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Earnings to Watch: Walmart, Target, Home Depot, Deere

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Corporate America’s better-than-feared results, paired with cooling US inflation trends, may have offered some relief to equity investors this week, but the gains are masking earnings misses this season. The proportion of S&P 500 firms falling short of second-quarter EPS estimates so far hasn’t seen much improvement from last week’s 19.9%. As big-box retailers take center stage, this level could face more pressure when report cards from Walmart, Home Depot and Target surface, and Wall Street

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(Bloomberg) — Corporate America’s better-than-feared results, paired with cooling US inflation trends, may have offered some relief to equity investors this week, but the gains are masking earnings misses this season. The proportion of S&P 500 firms falling short of second-quarter EPS estimates so far hasn’t seen much improvement from last week’s 19.9%. As big-box retailers take center stage, this level could face more pressure when report cards from Walmart, Home Depot and Target surface, and Wall Street has been bracing itself over the past month and slashing earnings-per-share estimates. Bloomberg Consensus estimates have trended lower for nearly all companies in the S&P 500 Consumer Staples and Discretionary indexes that are reporting next week, with Bath & Body Works’ (BBWI US) profit projection getting cut by 24%.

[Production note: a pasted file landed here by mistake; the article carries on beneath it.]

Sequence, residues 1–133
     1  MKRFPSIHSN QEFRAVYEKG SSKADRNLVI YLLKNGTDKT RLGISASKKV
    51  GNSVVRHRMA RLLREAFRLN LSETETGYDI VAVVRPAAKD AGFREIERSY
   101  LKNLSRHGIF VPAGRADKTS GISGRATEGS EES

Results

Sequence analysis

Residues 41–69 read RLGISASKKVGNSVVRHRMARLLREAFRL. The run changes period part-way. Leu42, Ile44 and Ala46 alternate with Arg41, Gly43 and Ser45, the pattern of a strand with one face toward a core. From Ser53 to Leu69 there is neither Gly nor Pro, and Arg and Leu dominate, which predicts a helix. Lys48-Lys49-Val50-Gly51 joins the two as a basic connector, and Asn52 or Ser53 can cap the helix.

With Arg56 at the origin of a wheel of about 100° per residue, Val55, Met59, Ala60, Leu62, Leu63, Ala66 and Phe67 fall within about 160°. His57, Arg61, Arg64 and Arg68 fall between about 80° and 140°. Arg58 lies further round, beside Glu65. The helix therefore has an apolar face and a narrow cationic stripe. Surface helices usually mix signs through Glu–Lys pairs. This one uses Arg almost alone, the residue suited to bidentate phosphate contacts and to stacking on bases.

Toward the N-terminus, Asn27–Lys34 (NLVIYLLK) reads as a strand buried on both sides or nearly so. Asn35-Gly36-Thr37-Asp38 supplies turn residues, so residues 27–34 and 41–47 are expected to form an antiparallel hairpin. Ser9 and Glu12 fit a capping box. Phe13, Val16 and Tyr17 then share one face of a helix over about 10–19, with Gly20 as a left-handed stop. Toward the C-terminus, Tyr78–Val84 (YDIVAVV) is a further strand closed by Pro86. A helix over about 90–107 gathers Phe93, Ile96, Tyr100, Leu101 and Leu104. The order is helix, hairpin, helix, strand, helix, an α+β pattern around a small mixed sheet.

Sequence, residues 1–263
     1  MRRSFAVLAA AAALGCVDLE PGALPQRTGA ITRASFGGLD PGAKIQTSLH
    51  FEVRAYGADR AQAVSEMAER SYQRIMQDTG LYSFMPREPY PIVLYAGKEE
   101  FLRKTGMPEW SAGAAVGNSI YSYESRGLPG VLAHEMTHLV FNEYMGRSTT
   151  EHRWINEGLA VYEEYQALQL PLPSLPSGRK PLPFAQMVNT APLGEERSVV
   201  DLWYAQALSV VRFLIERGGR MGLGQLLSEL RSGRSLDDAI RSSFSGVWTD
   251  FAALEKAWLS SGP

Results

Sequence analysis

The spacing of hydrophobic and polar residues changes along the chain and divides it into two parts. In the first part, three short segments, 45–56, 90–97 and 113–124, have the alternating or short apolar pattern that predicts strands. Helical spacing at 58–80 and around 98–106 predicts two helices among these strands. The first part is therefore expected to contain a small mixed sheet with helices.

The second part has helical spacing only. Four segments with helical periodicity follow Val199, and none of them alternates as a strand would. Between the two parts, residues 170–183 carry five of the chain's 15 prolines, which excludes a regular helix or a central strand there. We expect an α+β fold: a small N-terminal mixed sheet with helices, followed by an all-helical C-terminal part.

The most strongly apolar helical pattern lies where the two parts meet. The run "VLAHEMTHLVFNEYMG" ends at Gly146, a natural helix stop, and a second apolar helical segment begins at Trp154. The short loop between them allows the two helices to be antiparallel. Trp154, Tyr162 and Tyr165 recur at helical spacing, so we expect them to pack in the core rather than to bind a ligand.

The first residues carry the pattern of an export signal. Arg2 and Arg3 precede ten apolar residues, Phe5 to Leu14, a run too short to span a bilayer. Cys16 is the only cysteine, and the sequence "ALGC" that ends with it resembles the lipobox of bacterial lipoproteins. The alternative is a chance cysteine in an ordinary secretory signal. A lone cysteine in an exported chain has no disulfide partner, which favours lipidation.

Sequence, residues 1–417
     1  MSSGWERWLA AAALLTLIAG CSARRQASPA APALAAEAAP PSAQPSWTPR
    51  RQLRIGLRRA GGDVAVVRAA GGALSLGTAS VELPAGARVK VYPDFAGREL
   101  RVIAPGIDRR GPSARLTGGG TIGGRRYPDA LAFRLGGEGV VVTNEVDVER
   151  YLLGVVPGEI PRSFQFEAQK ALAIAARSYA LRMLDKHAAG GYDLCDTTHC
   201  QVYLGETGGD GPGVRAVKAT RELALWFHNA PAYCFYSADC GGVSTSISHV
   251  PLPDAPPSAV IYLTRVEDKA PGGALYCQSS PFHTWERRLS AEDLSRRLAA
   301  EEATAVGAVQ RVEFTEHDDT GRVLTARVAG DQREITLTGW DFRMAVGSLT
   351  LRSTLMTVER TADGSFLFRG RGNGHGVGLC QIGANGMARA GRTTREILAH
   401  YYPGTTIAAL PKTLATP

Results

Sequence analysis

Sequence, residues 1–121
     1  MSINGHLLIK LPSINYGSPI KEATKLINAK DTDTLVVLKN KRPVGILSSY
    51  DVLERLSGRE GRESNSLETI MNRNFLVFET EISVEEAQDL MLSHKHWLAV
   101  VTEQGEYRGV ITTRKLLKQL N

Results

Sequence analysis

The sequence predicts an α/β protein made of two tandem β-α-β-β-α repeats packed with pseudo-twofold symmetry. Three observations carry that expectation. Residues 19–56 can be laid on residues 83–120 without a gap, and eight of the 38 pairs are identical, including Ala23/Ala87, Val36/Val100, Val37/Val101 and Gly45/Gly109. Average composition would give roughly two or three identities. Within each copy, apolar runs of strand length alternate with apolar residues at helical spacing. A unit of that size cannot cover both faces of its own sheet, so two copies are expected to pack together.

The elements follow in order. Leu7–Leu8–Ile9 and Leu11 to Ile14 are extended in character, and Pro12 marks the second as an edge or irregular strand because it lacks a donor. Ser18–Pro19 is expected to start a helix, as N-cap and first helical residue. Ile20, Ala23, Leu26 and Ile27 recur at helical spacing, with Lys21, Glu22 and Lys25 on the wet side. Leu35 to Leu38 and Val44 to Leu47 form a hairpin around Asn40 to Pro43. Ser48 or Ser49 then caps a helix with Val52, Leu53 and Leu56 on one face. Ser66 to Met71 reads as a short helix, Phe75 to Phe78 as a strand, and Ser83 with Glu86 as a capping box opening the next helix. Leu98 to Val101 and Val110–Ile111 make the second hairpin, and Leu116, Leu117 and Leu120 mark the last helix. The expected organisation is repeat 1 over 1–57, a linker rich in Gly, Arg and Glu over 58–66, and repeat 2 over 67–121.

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Earnings highlights to look for next week:

Monday: Li Auto (LI US) reports before the bell. Consensus estimates point to a sequential decline in revenue and deliveries for a second straight quarter, as Covid lockdowns in China forced a cut in output, Bloomberg Intelligence said. Investors could seek details from the Beijing-based maker of luxury electric SUVs on plans to shore up the supply chain as the company aims to almost double its car sales by 2025. 

  • Niu Techologies (NIU US) may post a sequential 50% sales growth when it reports before market open on Monday, based on the midpoint of its second-quarter revenue forecast given in May. BloombergNEF forecasts that global sales of electric two-wheelers will reach 32.8 million in 2022, up 6.4% from last year, according to its 2022 Long-Term Electric Vehicle Outlook.

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Tuesday: Walmart (WMT US) is expected to report before the bell. After the company warned that quarterly and yearly earnings will be lower than first expected, investors will be looking for details on which products are still attracting consumer spending. Walmart has been hard done by inflation that has forced customers to step-up purchases of food and other staples over higher margin, discretionary items, according to Bloomberg Intelligence, with more markdowns likely needed to move overstock inventory in some areas. Management might field questions on plans to diversify the business after a New York Times report that Walmart held talks with several streaming companies over a possible partnership.